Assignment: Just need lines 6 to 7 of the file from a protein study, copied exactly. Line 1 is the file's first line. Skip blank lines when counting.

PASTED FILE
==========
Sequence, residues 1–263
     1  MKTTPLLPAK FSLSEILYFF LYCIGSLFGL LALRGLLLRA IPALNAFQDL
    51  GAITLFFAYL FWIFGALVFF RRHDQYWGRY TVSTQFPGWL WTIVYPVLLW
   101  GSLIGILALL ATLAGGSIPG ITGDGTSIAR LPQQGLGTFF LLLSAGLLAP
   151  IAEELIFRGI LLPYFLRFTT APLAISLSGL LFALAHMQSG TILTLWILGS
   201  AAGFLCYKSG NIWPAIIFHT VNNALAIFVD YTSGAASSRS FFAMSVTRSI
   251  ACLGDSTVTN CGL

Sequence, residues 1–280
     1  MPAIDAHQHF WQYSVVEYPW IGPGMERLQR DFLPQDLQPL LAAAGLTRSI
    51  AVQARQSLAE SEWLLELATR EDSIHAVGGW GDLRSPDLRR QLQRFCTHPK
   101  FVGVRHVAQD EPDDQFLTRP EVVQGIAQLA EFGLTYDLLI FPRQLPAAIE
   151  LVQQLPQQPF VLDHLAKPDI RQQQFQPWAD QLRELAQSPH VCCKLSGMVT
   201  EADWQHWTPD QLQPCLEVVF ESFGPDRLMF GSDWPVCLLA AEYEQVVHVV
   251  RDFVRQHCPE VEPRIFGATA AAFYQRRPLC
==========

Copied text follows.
   201  AAGFLCYKSG NIWPAIIFHT VNNALAIFVD YTSGAASSRS FFAMSVTRSI
   251  ACLGDSTVTN CGL